In a welcome show of bipartisanship, the U.S. Senate took a significant step in the direction of freer global trade in April. The Bipartisan Congressional Trade Priorities and Accountability Act of 2015 (TPA), cosponsored by Sens. Orrin G. Hatch (R-UT) and Ron Wyden (D-OR), is designed to fast-track approval of the Trans-Pacific Partnership (TPP), a landmark trade agreement currently under negotiation by the United States and 10 other Pacific Rim countries.
The legislation would allow President Barack Obama to present the trade pact to Congress for a straight up-or-down vote without lawmakers being able to amend terms, but because the bill has faced numerous delays, congressional support on both sides is waning.
TPA would lower regional market barriers Canada, Chile, Mexico, Peru, and the United States face in East and Southeast Asia. Five key Asian nations—Brunei, Japan, Malaysia, Singapore, and Vietnam—currently are parties to the agreement, and China reportedly is following negotiations closely.
TPP is related to another issue before Congress: patent reform. Patent assertion entities (PAE), or patent trolls, deliberately exploit weaknesses in current patent law and procedures, costing the United States economy $29 billion per year, according to research from the Boston University School of Law.
In my recent Heartland Institute Policy Brief, “Why Patent Reform Is Needed: Stockpiling, Frivolous Lawsuits Threaten Innovation and Cost Consumers Billions,” I address a new and daunting patent assertion issue. The governments of China, France, Japan, South Korea, and Taiwan have invested in and operate PAEs with the mission of acquiring all the patents they can, regardless of where the patent is filed or who the filer is, in order to extract settlements from alleged private sector infringers outside their borders.
Although the TPP language we have seen claims member nations will be obligated to abide by the World Trade Organization agreement on Trade-Related Aspects of Intellectual Property Rights, foreign governments who finance and control PAEs fall short of doing so.
Article 7 of the agreement says, “The protection and enforcement of intellectual property rights should contribute to the promotion of technological innovation and to the transfer and dissemination of technology, to the mutual advantage of producers and users of technological knowledge and in a manner conducive to social and economic welfare, and to a balance of rights and obligations.”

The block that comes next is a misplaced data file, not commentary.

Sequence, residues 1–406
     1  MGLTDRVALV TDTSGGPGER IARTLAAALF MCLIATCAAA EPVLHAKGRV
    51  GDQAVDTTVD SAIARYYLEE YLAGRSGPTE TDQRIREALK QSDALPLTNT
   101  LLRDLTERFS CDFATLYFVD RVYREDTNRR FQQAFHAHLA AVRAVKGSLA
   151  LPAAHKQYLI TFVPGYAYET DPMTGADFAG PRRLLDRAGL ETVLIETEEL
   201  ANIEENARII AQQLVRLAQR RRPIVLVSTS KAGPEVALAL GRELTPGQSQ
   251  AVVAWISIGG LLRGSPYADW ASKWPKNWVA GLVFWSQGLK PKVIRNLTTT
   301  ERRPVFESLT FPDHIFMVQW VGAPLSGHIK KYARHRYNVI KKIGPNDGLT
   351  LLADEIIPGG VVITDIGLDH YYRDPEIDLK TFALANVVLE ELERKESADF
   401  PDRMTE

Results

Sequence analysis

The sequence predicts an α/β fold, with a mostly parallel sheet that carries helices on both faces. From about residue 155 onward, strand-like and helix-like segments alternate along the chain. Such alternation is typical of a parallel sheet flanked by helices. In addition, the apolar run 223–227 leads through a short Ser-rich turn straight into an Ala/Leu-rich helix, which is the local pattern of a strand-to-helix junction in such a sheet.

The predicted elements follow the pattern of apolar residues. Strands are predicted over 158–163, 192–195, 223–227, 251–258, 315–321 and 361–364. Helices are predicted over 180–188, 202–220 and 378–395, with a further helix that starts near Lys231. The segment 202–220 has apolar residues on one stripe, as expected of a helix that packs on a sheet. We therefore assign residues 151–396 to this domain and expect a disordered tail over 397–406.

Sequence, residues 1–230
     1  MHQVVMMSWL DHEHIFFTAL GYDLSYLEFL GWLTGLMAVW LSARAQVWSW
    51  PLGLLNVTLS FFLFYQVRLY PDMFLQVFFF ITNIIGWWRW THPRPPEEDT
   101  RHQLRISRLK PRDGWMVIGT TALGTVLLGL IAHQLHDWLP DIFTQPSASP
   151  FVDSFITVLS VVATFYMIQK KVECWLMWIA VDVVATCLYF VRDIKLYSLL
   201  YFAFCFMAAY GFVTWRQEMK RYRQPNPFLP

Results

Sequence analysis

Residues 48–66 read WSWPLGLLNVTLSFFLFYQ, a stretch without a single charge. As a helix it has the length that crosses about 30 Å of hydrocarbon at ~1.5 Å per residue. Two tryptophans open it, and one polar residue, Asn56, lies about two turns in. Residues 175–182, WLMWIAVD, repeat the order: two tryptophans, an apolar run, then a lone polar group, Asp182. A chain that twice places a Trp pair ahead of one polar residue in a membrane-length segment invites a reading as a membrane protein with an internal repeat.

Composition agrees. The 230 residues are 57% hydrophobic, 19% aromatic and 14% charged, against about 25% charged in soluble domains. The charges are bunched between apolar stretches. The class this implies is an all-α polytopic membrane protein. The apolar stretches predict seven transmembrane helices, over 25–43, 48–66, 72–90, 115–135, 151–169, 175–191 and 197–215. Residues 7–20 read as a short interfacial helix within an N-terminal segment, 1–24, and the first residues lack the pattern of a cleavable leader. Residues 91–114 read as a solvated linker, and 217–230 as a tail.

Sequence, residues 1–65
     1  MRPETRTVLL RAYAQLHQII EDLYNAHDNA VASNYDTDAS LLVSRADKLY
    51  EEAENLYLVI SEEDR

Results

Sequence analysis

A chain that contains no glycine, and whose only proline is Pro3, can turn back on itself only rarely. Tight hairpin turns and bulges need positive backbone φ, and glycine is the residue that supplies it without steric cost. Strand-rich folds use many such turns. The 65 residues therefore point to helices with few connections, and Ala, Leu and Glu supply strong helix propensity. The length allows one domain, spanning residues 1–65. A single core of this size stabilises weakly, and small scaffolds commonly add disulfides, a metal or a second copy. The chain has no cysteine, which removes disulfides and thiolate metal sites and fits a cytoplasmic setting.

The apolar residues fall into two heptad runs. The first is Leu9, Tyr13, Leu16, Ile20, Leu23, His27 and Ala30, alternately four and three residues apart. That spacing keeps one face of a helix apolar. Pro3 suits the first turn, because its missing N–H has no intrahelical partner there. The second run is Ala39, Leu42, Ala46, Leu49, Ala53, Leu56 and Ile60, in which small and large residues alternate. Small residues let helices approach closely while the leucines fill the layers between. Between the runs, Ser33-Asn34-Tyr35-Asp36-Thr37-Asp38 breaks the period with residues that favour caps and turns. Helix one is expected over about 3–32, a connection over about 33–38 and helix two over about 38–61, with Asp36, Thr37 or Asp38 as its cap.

Government-controlled trolls do not contribute to innovation or aide in the dissemination of technology. These entities dissuade innovation through litigation aimed specifically at foreign economic targets they perceive to be threats.
Article 8.2 of the agreement entreats member states to “prevent the abuse of intellectual property rights by right holders or the resort to practices which unreasonably restrain trade or adversely affect the international transfer of technology.”
The offensive litigation brought by foreign government-run trolls abuses these rights and restrains trade through tariffs in the form of hefty litigation costs based on frequently frivolous claims.
For example, the Innovation Network Corporation of Japan (INCJ), a government-funded PAE launched in July 2009, says its goal is to provide support to promote the creation of next-generation businesses through the flow of technology and expertise. In July 2013, INCJ raised trade concerns when, along with Panasonic and Mitsui & Co., it established the IP Bridge patent pool to consolidate Japan’s corporate patents for potential protectionist litigation. Initially, IP Bridge stated its plan was to acquire 5,000 patents from electronics companies. In the long run, it plans to expand its funding to ¥30 billion, or about $250 million.
The Chinese government reportedly backed Ruichuan IPR Funds with $50 billion to acquire patents to use in actions against U.S. companies, among other industrial rivals. In today’s intellectual-property-fueled global economy, instead of slapping tariffs on imported products that compete with homegrown industries, governments are dubiously applying patent law to extract a “tax” on any product that threatens the nation’s commercial interests. The European Centre for International Political Economy, a research group advocating global free-trade policies, characterizes state-sponsored PAEs as “next generation trade defense.”
The bipartisan progress on trade issues and intellectual property issues is encouraging. Rapid congressional approval of TPP, engendered by the fast-track bill now before the congressional Finance Committee, will help bring long-term benefit to our economy.